During the man’s transport to hospital, and upon arrival, the man made a number of comments suggesting that he had intended to cause police to shoot him as a means of ending his life. While the officers and the paramedic dealing with the man after the incident did not perceive him to be grossly intoxicated, the man admitted to having used methamphetamine in the days leading up to the incident.
The firearm recovered from the man was a loaded, pump-action 12-gauge shotgun, which had been sawed-off, and had the serial number defaced. After the incident, it was discovered that prior to emerging from the residence, the man had made comments on social media seemingly suggesting his own impending death.
Under the Criminal Code, a police officer is authorized to use as much force as is reasonably necessary to carry out their duties. In circumstances where an officer believes, on reasonable grounds, that force is necessary to protect themselves or others from death or grievous bodily harm, the force an officer is entitled to use can include potentially lethal force.
In these circumstances, the man’s unexpected exit from the residence where he had barricaded himself, while holding a firearm that he had previously demonstrated he was willing to use, created a situation of significant and immediate risk. Despite this risk, the officers initially attempted to address the threat through non-lethal means. When the barrel of the man’s firearm rose during the encounter, it created a danger that exposed several police officers to a risk of imminent death or grievous bodily harm. The risk was objectively serious and immediate, and while the man’s intentions are unknown, as he declined to provide a voluntary statement, the dangers presented by pointing a loaded firearm are indisputable.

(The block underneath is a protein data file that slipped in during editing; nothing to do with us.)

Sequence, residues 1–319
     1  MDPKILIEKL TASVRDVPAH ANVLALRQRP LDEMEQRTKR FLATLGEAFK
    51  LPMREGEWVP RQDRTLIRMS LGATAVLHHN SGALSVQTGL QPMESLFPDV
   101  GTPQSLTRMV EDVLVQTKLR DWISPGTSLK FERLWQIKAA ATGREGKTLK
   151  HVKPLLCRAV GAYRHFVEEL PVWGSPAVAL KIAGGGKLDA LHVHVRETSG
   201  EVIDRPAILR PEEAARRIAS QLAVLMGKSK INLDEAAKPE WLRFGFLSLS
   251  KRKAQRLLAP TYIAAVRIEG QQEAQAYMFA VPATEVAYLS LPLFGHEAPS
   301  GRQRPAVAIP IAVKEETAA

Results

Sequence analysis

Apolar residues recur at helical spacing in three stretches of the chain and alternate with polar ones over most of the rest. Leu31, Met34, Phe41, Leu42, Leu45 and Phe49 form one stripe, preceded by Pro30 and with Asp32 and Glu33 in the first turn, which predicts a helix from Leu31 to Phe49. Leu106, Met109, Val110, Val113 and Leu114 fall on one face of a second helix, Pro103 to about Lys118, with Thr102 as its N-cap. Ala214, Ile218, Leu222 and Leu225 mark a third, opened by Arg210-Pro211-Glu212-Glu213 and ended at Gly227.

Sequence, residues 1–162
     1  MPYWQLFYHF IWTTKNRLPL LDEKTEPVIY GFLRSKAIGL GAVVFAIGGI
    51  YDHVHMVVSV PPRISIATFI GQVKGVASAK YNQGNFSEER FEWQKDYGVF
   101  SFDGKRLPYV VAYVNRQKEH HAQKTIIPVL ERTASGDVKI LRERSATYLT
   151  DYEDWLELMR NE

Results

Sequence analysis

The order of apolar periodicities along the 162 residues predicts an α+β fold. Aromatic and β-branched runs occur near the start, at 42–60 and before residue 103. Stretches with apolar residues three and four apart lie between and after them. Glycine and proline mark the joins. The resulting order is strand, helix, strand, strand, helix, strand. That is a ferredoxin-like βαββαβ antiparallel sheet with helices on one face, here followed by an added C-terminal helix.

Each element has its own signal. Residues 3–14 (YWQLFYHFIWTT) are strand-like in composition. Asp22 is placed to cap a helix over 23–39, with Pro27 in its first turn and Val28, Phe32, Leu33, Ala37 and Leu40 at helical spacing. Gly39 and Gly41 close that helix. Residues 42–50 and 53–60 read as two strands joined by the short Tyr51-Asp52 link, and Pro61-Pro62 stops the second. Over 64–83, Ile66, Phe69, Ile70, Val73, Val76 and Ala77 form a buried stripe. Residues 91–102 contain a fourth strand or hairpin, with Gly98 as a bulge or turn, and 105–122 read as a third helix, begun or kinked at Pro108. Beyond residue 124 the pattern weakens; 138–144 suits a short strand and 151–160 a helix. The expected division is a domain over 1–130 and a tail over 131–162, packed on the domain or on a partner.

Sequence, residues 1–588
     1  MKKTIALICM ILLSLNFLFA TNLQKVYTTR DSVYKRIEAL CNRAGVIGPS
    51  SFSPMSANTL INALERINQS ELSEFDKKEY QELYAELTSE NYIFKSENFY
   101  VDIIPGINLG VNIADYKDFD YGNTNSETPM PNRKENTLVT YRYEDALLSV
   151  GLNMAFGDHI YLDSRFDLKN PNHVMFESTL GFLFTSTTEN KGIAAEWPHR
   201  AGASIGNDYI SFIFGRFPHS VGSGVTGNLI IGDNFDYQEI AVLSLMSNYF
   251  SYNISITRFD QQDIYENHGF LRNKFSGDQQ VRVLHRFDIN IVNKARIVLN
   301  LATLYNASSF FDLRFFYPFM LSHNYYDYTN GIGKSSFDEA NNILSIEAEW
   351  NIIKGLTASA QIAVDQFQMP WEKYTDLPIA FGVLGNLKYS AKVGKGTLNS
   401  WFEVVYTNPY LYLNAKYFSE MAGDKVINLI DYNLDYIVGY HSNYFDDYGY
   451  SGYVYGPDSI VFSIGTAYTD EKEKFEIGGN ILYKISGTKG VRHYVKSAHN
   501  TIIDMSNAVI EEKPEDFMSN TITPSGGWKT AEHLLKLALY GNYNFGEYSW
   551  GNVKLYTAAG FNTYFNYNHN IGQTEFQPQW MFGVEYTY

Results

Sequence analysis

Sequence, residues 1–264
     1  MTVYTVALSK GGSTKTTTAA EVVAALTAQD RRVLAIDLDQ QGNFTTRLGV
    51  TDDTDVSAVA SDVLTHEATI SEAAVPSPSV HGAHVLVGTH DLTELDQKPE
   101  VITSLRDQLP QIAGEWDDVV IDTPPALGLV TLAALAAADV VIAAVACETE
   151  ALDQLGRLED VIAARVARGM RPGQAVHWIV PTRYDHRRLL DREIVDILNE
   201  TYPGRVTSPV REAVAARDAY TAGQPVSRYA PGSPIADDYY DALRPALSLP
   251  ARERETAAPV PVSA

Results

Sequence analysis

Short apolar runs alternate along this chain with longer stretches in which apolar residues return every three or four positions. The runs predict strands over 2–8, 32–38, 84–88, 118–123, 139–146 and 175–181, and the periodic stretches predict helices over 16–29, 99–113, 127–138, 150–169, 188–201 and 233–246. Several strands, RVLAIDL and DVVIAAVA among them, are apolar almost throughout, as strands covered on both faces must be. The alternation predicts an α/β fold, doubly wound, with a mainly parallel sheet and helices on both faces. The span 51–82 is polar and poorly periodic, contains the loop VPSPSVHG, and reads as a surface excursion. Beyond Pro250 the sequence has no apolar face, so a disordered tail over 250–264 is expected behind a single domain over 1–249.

Faced with this danger, both officers were lawfully entitled to act in defence of themselves and the other officers on scene.
In considering all of the circumstances of this matter, it is the opinion of executive director Susan Hughson, Q.C., that the evidence does not provide reasonable grounds, nor even reasonable suspicion, to believe that any officers committed an offence.
While it is unfortunate that the man sustained an injury during his arrest, his actions in rapidly exiting the residence while armed created a situation of significant potential risk. The EPS Tactical Unit exercised restraint, initially turned to other intervention methods before being placed in a position where the use of lethal force became necessary. As that situation unfolded, it presented the involved officers with a reasonable apprehension that their own and other lives were endangered. The force that was used to address that danger was reasonable given all of the circumstances.
ASIRT’s mandate is to effectively, independently, and objectively investigate incidents involving Alberta’s police that have resulted in serious injury or death to any person, as well as serious or sensitive allegations of police misconduct.
This release is distributed by the Government of Alberta on behalf of the Alberta Serious Incident Response Team.